Watchdogs welcome ‘decisive action’ to accelerate improvement in Norfolk’s children’s services department

Matt Dunkley, the interim director of Norfolk County Council's children's services department. Pic:

Matt Dunkley, the interim director of Norfolk County Council's children's services department. Pic: Norfolk County Council. - Credit: Norfolk County Council

Watchdogs have welcomed 'decisive action' to speed up improvement at the department which looks after Norfolk's most vulnerable children.

The boss of Norfolk County Council's children's services welcomed the findings of the latest visit of Ofsted as showing the department was moving in the right direction.

But he acknowledged it still had work to do if children and young people are to get a consistently good service - an issue raised by inspectors once again.

The department was rated as 'inadequate' by Ofsted in 2013 and 2015 and as part of the inspection regime, three inspectors revisited the council for two days at the start of this month.

The monitoring letter was published today and reveals areas of significant improvement since their last visit in November - when criticism was followed by the resignation of the department's then director Michael Rosen.

The department was subsequently headed up by interim director Andrew Bunyan and current interim boss Matt Dunkley.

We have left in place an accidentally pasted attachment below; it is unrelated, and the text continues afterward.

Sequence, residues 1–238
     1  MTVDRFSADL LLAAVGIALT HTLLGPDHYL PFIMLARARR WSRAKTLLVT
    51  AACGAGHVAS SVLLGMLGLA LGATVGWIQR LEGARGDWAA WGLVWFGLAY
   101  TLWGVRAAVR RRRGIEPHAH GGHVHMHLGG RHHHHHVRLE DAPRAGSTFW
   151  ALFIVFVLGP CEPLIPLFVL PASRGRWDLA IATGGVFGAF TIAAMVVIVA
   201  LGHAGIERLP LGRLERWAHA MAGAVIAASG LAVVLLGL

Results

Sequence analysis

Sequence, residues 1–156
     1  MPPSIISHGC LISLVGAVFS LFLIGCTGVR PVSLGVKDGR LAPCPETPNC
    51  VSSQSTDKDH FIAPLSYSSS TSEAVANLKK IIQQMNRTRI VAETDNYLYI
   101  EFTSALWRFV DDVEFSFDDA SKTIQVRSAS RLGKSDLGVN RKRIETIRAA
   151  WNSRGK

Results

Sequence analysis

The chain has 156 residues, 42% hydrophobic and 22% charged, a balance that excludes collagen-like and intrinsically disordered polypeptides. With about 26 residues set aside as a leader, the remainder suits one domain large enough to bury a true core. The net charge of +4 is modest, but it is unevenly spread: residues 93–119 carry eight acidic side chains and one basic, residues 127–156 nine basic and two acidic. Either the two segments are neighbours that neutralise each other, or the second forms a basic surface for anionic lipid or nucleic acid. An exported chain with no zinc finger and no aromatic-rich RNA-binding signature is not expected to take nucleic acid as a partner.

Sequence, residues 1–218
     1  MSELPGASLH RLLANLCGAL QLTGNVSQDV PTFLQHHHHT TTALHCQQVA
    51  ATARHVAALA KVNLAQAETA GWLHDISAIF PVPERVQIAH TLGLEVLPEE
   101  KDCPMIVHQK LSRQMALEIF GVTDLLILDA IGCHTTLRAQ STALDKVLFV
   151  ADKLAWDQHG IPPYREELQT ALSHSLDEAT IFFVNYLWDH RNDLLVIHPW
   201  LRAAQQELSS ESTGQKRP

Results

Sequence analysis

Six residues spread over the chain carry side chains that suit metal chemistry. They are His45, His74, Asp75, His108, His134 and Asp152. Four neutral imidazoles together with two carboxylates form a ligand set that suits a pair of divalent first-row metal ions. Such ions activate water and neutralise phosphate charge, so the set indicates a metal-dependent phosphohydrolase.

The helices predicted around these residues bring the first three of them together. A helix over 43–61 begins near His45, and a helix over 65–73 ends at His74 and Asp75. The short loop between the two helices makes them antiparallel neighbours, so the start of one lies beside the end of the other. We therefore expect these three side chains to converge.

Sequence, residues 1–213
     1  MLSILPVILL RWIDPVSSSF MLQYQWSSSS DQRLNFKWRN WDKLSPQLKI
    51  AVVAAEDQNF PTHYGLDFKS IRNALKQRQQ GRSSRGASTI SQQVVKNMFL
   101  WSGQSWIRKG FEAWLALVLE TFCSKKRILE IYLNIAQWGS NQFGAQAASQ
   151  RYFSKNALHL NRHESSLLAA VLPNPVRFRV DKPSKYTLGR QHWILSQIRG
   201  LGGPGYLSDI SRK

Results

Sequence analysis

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And the latest snapshot - which focused on Great Yarmouth - praised 'decisive action to speed up the pace of improvement', with praise for 'a new, more confident and visible senior management team providing a clear sense of purpose and direction'.

Performance management and quality assurance - key criticisms when Ofsted last visited - have been 'significantly strengthened', inspectors said.

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But they said it remained too early to see a consistent impact on the frontline and said the service most children and young people receive is 'not yet good enough'.

Mr Dunkley said: 'We still have challenges and things we need to do, but we knew that.

'When you are on an improvement journey, the key thing is to diagnose where the issues are.

'We have done that and we have a plan for dealing with them.'

'The thing I am most pleased about is that we have done the right things to improve the pace of change.

'It gives us backing for the changes we have made and we are beginning to see the fruits of those labours.

The EDP is, through our Fighting For Their Futures investigation, scrutinising services for the county's children.

You can read more of our stories here.

What the inspectors found

• 'Decisive action' to speed up improvement

• New, more confident and visible senior management providing 'clear sense of purpose and direction'

• Good morale

• Performance management and quality assurance 'significantly' strengthened

• Quality of support for care leavers still improving.

• Less drift and delay

• Regular reviews of children at high risk of sexual exploitation marks a 'significant improvement'

• The service which most children and young people receive is not yet good enough

• Almost a third of children do not have initial health assessments within 20 days of becoming looked after

• For children in need of help and protection, practice still too variable and ranges from effective to poor

• Caseloads still 'higher than ideal'

• More effective oversight and quality assurance mean council 'better placed than before' to identify and address problems

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